What Will Giving Look Like This Year?
The pandemic’s bump in giving is gone and then some.
M&R Benchmarks 2023 also indicates that average online giving revenue is down — despite monthly giving rates increasing!
The organization reached out to donors who use the site to give. Although it has a small sample size of 356 respondents, the survey is representative of more than 11.6 million donors who visited Charity Navigator in 2022 to find, vet and support nonprofits.
Donors Giving Plans for 2023
Of the donors surveyed, 80% indicated that they’d be donating to the nonprofits they care about this year. What’s most interesting is that 52% said they planned to donate about the same as last year, with 29% saying they’d give slightly more and 14% planning to donate significantly more (25% more money than in 2022). Only 6% plan to give less. That’s good news. Only 10% indicated they are not planning to give this year at all.
Of the donors who plan to give more, 83% indicated that they are planning to donate more because they see how the need has increased for the nonprofits they care about.
When asked why donors were planning to give less, 58% indicated that it was because of less income or personal hardship, 27% because of inflation, 16% because of lack of tax incentives, and 15% were planning to bundle their donations, which means combining giving over two years into a single year to get a better tax benefit.
Of course, the part of the survey I was most interested in was the method in which donors were planning to give. Almost 25% of donors were planning a recurring gift!
Finally, survey results show that 31% of participants reported that housing and food security were the most concerning issues to them, followed by political and social issues at 25%. Only 11% of participants reported public health as a top priority, which was surprising despite the ongoing pandemic.
What Your Nonprofit Can Do to Encourage Giving in 2023
What will this mean for your nonprofit? What does this mean for recurring giving?
If you’re in the budget stage, I suggest looking at your 2018 and 2019 results. Let your donors know that you need them. Tell them that they can help in any way in which they’re comfortable. This is where smaller recurring gifts offer a great opportunity.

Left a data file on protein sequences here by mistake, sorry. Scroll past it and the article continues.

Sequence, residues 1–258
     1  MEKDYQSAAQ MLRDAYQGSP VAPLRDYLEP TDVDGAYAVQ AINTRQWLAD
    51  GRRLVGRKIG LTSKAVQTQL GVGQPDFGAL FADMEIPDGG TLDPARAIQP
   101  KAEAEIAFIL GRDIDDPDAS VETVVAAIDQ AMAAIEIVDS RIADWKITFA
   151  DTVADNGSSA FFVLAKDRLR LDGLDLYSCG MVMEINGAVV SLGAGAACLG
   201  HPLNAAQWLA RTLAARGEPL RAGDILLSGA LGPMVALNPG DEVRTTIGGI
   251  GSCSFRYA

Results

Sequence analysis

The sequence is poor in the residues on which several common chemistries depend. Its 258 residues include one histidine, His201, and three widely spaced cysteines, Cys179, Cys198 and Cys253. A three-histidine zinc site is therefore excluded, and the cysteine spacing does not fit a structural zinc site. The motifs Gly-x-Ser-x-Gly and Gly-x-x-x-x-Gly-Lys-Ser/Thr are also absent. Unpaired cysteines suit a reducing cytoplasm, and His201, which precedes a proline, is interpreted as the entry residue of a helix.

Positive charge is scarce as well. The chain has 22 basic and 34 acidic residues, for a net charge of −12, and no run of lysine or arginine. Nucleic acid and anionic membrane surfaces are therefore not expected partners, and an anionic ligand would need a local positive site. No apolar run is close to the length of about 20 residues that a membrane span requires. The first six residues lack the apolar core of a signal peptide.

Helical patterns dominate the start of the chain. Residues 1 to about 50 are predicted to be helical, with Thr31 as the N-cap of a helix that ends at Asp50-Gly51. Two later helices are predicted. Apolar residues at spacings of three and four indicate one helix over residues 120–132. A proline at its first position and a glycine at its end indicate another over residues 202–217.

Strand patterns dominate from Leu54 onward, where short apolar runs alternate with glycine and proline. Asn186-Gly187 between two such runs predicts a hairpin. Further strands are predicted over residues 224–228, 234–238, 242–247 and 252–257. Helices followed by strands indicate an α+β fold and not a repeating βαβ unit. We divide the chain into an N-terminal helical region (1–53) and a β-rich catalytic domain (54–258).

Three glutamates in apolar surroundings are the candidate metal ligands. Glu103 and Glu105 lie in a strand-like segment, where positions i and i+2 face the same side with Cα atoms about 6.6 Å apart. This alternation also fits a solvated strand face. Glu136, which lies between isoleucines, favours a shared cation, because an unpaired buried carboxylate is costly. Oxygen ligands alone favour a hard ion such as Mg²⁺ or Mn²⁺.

Then make it easy for donors to contact someone in your organization if they have questions, if they need to put a pause on their gift, or if they want to lower their recurring gift.
Now is not the time for your nonprofit to set aggressive growth goals and keep looking at 2020 and 2021. It’s also not the time to want to raise more and more, although your board and boss will push for it.
Now is the time to ask point blank how your organization’s own giving is changing. Now’s the time to make sure you have 100% board giving, even if that means asking board members for recurring gifts.
Finally, now’s the best time to step up your donor stewardship and go back to basics. Perhaps add one more channel to communicate with your donors to say “thank you” — maybe it’s that personal phone call or text message, or that handwritten thank-you note.
What can you do to make your donors — recurring and one-time givers alike — feel extra special? You really have nothing to lose and everything to gain.
The preceding blog was provided by an individual unaffiliated with NonProfit PRO. The views expressed within do not directly reflect the thoughts or opinions of NonProfit PRO.
Erica Waasdorp is one of the leading experts on monthly giving. She is the president of A Direct Solution, a company serving nonprofit organizations with fundraising and direct marketing needs, with a focus on monthly giving and appeals. She authored "Monthly Giving: The Sleeping Giant" and "Monthly Giving Made Easy." She regularly blogs and presents on fundraising, appeals and monthly giving — in person and through webinars. She is happy to answer any questions you may have about this great way of improving retention rates for your donors.
Erica has over 30 years of experience in nonprofits and direct response. She helped the nonprofits she works with raise millions of dollars through monthly giving programs. She is also very actively supports organizations with annual fund planning and execution, ranging from copywriting, creative, lists, print and mail execution.
When she’s not working or writing, Erica can be found on the golf course (she’s a straight shooter) or quietly reading a book. And if there’s an event with a live band, she and her husband, Patrick, can be found on the dance floor. She also loves watching British drama on PBS. Erica and Patrick have two step sons and a cat, Mientje.